ST. LOUIS — St. Louis' elected prosecutor has said she will run for reelection in 2024, even as she tries to fend off an effort by Missouri's attorney general to force her out of office.
Democratic Circuit Attorney Kim Gardner spoke Tuesday night at an often-raucous public forum and made it clear that not only will she not resign, but that she plans to run again.
Republican Attorney General Andrew Bailey last month filed a lawsuit asking a judge to remove Gardner from office, accusing her of incompetence. Bailey cited a low rate of convictions in homicide cases, accused Gardner of failing to keep crime victims and their families updated, and said her office is too slow to take up cases brought by police.
In addition to the lawsuit, a Republican-led bill in the statehouse would give the governor authority to appoint a special prosecutor to take on violent crimes in jurisdictions with a homicide rate over a certain threshold — a measure drafted with St. Louis in mind.
Gardner, the city's first Black circuit attorney, told the crowd at West Side Missionary Baptist Church that Bailey and other Republican critics have “made it about race. I didn't make it about race. All these white males attacking a Black circuit attorney. So you tell me who's talking about race?”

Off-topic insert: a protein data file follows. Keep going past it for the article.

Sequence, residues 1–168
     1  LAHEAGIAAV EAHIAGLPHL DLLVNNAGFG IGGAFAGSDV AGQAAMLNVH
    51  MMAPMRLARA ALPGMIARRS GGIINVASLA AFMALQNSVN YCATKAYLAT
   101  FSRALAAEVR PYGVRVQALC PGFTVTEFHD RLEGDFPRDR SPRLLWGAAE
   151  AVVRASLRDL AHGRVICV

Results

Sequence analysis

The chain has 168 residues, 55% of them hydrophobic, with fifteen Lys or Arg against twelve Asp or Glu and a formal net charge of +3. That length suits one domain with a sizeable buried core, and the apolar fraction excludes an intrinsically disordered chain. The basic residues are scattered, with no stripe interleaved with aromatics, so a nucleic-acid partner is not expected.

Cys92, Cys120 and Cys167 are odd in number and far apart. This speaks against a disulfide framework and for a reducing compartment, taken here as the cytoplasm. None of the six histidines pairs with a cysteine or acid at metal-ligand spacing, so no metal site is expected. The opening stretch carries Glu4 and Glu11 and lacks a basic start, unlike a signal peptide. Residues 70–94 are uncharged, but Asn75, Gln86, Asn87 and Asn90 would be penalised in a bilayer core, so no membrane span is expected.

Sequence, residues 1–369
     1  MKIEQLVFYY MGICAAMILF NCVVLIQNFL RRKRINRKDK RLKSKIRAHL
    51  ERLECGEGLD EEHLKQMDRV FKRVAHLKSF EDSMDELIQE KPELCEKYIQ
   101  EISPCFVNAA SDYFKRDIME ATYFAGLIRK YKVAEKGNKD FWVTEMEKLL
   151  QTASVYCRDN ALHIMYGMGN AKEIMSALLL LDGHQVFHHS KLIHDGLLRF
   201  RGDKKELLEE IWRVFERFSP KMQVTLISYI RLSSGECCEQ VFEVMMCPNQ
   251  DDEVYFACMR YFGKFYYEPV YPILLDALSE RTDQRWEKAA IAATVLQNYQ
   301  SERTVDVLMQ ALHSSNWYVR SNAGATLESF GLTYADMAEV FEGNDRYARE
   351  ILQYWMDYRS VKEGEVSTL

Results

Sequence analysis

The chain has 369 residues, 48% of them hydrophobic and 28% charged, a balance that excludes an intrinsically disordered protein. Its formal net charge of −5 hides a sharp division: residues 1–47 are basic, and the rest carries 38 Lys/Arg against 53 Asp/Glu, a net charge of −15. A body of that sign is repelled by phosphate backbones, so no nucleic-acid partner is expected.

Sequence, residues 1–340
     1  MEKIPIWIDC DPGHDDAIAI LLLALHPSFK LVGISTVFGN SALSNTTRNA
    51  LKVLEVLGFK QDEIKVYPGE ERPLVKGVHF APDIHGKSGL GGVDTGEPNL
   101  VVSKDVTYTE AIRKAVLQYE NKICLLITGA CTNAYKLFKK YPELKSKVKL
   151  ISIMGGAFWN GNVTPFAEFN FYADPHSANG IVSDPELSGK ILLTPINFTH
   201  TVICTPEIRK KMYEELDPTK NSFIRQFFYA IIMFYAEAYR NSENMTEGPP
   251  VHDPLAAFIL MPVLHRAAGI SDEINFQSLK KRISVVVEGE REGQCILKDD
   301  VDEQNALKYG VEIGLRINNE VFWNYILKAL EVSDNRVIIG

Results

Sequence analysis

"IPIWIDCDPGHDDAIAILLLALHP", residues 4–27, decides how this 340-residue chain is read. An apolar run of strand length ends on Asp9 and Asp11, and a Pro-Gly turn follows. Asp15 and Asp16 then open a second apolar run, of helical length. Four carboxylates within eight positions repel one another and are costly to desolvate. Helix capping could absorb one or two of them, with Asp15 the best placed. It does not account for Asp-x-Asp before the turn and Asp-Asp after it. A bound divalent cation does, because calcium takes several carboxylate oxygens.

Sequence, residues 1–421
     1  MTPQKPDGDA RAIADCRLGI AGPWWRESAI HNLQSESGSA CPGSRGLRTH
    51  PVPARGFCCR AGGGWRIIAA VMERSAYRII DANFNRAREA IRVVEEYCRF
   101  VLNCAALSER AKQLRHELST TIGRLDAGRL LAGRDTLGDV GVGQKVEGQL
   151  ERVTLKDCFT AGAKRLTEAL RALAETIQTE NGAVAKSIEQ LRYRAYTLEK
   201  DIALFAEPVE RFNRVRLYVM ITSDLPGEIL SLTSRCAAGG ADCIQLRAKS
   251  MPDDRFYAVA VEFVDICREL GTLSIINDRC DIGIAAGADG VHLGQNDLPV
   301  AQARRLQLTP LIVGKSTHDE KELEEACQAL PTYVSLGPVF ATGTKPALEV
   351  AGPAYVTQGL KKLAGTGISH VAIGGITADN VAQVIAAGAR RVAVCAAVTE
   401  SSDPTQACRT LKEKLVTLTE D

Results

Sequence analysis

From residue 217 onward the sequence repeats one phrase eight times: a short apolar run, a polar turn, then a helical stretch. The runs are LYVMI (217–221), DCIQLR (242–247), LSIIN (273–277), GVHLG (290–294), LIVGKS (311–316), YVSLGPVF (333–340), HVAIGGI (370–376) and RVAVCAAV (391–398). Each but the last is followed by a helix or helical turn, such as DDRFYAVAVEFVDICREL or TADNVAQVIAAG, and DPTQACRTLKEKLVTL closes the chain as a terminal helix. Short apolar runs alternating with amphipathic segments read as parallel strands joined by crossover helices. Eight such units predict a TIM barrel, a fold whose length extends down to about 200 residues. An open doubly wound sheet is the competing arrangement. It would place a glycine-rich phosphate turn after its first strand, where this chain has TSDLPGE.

Bailey, in a statement, said Gardner is the one “injecting race and politics into a legal proceeding” and noted that many Democrats in St. Louis have raised concerns about Gardner's performance.
“This isn’t just me saying this,” Bailey said. "I’m speaking on behalf of the people of the state of Missouri, but her own constituents and elected officials within her jurisdiction have also called for her to resign. So the claim that this is politically or racially motivated is ridiculous.”
Gardner, 47, was elected in 2016 and reelected in 2020. She is among several progressive Democratic prosecutors across the country who have taken steps such as ending prosecution of low-level marijuana crimes and seeking mental health treatment over incarceration for non-violent criminals.
She has often clashed with police, most notably in 2018 when she announced an “exclusion list” of more than two dozen police officers who were barred from serving as primary witnesses in criminal cases due to what Gardner characterized as credibility concerns.
Criticism of Gardner escalated last month after 17-year-old Janae Edmondson, a volleyball standout from Tennessee, was struck by a speeding car following a tournament game in downtown St. Louis. The 21-year-old driver was out on bond on a robbery charge despite nearly 100 bond violations that included letting his GPS monitor die and breaking terms of his house arrest, according to court records.
Some questioned why Riley was allowed to remain free despite so many bond violations.
Gardner gained national attention in 2018 when she charged then-Gov. Eric Greitens with felony invasion of privacy, accusing him of taking a compromising photo of a woman during an extramarital affair. The charge was eventually dropped. But Greitens, a Republican who was also under investigation by Missouri lawmakers, resigned in June 2018.
The case drew scrutiny that led to the conviction of Gardner’s investigator. Gardner received a written reprimand for failing to produce documents and mistakenly maintaining that all documents had been provided to Greitens’ lawyers.